War of the Rebellion: Serial 109 Page 0481 Chapter LXIV. CORRESPONDENCE, ETC.- UNION.

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indebted to Mr. Charles Lehr for his energetic service and good management of the building party. Mr. Lehr also deserves much credit for his efficient and faithful services as chief operator of the military lines in Central Kentucky. For the detail account of operations in the Departments of Tennessee and Cumberland, I would respectfully refer you to the annexed reports of Messrs. J. C. Van Duzer and W. G. Fuller, to whom I am much indebted for their efficient services in the management of the department placed under their charge. The following is a summary of lines built, repaired, and abandoned in my department up to June 30, 186:

Miles of line built.......................... 1,091

Miles of line recovered and repaired......... 1,033 1/2


Total........................................ 2,124 1/2

Miles of line abandoned...................... 1,266


Miles of line in use June 30, 1863........... 858 1/2



I received previous to June 30, 1863......... $74,174.40

And expended for services and purchases...... 74,173.42


Leaving cash balance on hand June 30......... 2.98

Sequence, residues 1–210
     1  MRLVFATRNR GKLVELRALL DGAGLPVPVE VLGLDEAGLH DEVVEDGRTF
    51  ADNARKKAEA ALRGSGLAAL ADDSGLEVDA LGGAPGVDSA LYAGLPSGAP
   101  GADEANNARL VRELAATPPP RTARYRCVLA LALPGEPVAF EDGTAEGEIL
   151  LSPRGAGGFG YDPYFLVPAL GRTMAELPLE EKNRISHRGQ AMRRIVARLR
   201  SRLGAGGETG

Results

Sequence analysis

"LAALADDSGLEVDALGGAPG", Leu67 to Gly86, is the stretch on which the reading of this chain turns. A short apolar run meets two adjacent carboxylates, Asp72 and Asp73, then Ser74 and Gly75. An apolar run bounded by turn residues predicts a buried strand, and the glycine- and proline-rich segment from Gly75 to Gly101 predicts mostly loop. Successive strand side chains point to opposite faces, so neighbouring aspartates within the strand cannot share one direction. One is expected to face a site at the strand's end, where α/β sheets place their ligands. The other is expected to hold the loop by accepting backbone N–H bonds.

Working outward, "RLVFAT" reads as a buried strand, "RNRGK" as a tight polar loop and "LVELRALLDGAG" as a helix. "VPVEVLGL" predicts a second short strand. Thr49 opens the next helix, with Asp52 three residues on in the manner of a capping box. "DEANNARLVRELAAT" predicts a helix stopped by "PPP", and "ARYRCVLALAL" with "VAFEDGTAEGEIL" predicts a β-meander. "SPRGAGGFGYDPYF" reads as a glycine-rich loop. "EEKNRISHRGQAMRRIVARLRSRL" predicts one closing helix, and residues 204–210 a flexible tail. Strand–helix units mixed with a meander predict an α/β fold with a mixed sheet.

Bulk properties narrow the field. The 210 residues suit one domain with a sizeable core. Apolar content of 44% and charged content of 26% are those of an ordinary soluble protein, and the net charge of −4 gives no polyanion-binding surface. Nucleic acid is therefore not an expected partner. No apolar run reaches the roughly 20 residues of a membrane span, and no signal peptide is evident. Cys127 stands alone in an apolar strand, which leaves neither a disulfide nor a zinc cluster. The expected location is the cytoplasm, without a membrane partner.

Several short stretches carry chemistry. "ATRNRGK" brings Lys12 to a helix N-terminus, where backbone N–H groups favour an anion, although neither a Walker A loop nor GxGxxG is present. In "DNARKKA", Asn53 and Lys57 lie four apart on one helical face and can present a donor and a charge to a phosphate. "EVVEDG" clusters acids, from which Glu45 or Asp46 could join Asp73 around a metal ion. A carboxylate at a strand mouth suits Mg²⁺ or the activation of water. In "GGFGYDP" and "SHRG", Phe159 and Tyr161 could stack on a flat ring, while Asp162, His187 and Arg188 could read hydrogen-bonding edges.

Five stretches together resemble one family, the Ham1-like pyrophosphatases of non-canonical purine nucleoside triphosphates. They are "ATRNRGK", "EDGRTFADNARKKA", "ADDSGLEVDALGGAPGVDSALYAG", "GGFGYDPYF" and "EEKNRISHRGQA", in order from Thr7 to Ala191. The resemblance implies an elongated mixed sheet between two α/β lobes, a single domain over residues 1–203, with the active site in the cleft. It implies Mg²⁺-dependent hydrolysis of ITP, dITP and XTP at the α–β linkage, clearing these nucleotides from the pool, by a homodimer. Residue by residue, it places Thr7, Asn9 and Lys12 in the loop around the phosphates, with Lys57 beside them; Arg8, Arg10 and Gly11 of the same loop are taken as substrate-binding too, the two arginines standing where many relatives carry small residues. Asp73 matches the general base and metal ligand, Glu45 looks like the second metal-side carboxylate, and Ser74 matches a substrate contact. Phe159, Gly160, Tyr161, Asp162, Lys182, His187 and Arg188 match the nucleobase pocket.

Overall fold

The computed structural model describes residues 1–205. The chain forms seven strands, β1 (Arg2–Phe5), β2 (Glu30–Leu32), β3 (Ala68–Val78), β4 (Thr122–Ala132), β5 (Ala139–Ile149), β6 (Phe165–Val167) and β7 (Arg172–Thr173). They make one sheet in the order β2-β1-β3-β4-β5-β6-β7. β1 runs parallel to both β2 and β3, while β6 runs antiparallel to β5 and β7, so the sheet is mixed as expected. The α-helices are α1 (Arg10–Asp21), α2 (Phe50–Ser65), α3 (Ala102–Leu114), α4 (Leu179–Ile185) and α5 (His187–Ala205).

In my opinion the efficiency of the military telegraph might be greatly enhanced if more thoroughly organized and its organization were better understood by army officers generally. It appeares to me that it might be advantageously consolidated with the Signal Corps of the Army. With officers of telegraphic experience, duly commissioned, and plenty of means placed at their disposal, it could be made and indispensable arm of the regular service. Rules and regulations should be established for its guidance and protection, and the same should be embolied in the Army Regulations, so that every army officer might be fully posted in regard to its organization. Thus systematized, with rules to prevent the interference of outside officers, it might be made much more efficient and useful to the army than now. Although it is now very efficient and useful, there are many things which might be added to make it much more so.

Very respectfully,


Captain and Assistant Quatermaster

and Assistant Superintendent U. S. Military Telegraph.

[10, 16, 20, 23.]

LENIOR'S, [October] 29, 1863.

General WILLCOX:

It is clear that a very heavy force is moving up between Athens and Loundon, concentraing with a view to compelling us to evacuate East Tennessee. I have withdrawn the forces from Loundon to the heights this side the river, commanding the place, but I hope by some contemplated movements of troops to thwart their design. If Grant should press Bragg, they, of course, would have to fall back. I shall leave here for Knoxville to-morrow.


[31.] Major-General.